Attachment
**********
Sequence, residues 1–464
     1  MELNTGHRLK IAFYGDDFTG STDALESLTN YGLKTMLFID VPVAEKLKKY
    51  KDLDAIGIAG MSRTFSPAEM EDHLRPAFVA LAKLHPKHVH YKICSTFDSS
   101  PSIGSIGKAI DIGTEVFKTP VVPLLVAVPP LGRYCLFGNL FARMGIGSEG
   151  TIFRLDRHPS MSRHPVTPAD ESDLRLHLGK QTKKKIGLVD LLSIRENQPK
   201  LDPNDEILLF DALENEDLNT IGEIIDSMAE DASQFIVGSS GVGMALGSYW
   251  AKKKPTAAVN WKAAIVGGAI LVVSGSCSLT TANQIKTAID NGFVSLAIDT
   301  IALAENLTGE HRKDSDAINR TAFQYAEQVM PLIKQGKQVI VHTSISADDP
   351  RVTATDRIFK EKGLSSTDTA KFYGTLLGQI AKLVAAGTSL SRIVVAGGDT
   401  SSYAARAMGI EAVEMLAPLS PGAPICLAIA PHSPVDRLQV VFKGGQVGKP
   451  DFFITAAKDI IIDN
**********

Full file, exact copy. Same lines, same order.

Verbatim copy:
Sequence, residues 1–464
     1  MELNTGHRLK IAFYGDDFTG STDALESLTN YGLKTMLFID VPVAEKLKKY
    51  KDLDAIGIAG MSRTFSPAEM EDHLRPAFVA LAKLHPKHVH YKICSTFDSS
   101  PSIGSIGKAI DIGTEVFKTP VVPLLVAVPP LGRYCLFGNL FARMGIGSEG
   151  TIFRLDRHPS MSRHPVTPAD ESDLRLHLGK QTKKKIGLVD LLSIRENQPK
   201  LDPNDEILLF DALENEDLNT IGEIIDSMAE DASQFIVGSS GVGMALGSYW
   251  AKKKPTAAVN WKAAIVGGAI LVVSGSCSLT TANQIKTAID NGFVSLAIDT
   301  IALAENLTGE HRKDSDAINR TAFQYAEQVM PLIKQGKQVI VHTSISADDP
   351  RVTATDRIFK EKGLSSTDTA KFYGTLLGQI AKLVAAGTSL SRIVVAGGDT
   401  SSYAARAMGI EAVEMLAPLS PGAPICLAIA PHSPVDRLQV VFKGGQVGKP
   451  DFFITAAKDI IIDN